Written by Ananda Devi Domingo-Almase.

The safety of citizens and their communities, as well as their observance of law and order, is a social contract that underlines the very essence and existence of a state. In this sense, an existential threat to public safety and order is a security issue in the individual, societal, and state levels.

In a 2015 article, I argued that public safety in the domestic domain is a component policy of national security, alongside national defense in the strategic setting. My definition of public safety revolves around the protection of individuals—their lives, civil liberties, and properties— from all sorts of crime, violence, destruction, and disaster; and the promotion of peace, order, and security within the country.

Among non-traditional security concerns, illicit networks of illegal drugs trade and narco-politics, resulting in heinous crimes and corruption, threaten the survival of human collectivities and societal order. In the face of serious threat to citizens, communities, and public safety regimes, it behooves upon the state to fulfill its obligation to protect these security referents that have the legitimate claim to survive.

When a state securitizes the fight against illegal drugs, the logic of security changes the normal course of action by government. In theory, the security status given to rampant drug trafficking and related criminal activities necessarily removes the  problem from regular operations to extraordinary solutions.  This is especially the case when a state is also after  members of the police, government officials, judges, and politicians that were allegedly involved in the drug trade.

In view of the foregoing conceptual frame, within which securitization is explained, this article will discuss the facilitating conditions, enveloping complexities, and emerging challenges in what has been dubbed as the “Philippine Drug War.” First, the discussion will go over President Rodrigo R. Duterte’s battle cry to fight against illegal drugs, which he promised to do at all cost once elected to the presidency. Second, it will look into the war against illegal drugs as it happened in the country since he assumed office in July 2016. Finally, it will reflect on the way forward to win the war against drugs as the foremost security concern in Philippine public safety today.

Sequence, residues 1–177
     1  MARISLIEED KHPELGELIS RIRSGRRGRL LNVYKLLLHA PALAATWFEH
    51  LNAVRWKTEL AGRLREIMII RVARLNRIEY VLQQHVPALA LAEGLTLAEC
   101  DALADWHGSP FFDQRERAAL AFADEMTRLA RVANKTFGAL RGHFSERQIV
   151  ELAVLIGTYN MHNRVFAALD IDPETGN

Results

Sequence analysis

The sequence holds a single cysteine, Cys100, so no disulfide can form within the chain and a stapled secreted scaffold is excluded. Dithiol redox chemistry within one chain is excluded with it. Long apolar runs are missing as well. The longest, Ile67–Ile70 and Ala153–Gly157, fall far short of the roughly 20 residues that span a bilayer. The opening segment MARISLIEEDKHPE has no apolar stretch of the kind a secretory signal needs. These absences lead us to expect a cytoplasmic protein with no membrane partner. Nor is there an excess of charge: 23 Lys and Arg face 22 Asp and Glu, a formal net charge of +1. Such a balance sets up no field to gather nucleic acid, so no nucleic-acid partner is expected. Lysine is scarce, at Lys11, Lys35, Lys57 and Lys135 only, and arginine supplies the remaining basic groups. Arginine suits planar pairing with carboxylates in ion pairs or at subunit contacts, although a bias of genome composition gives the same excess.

The Battle Cry to Fight Illegal Drugs

Exasperated by the illegal drugs that were destroying the country, then presidential candidate Mayor Duterte campaigned to wage war against drug criminals from the highest echelon of government to the lowest elements on streets. In a country where the drugs trade was managed in national penitentiaries and used for political gain, no president had dared take up the drug problem as the priority agenda once elected to office. Thus, the extraordinary bravado and expletives of the local chief executive to apprehend high-profile syndicates and millions of drug addicts in the country earned him a landslide victory over traditional candidates in the May 2016 national elections.

With overwhelming public support, the newly elected President moved swiftly to securitise the drug problem as an urgent concern of government. In his consistent and compelling speech acts, Duterte swore to protect not only the innocent people from being victimised by illegal drugs, but also the state and society from being criminalised by local, national, and transnational drug cartels. As the securitising actor, he played on a rhetorical structure of a security discourse that suggests if we fail to address the drug epidemic, this will destroy the very fabric of Philippine society.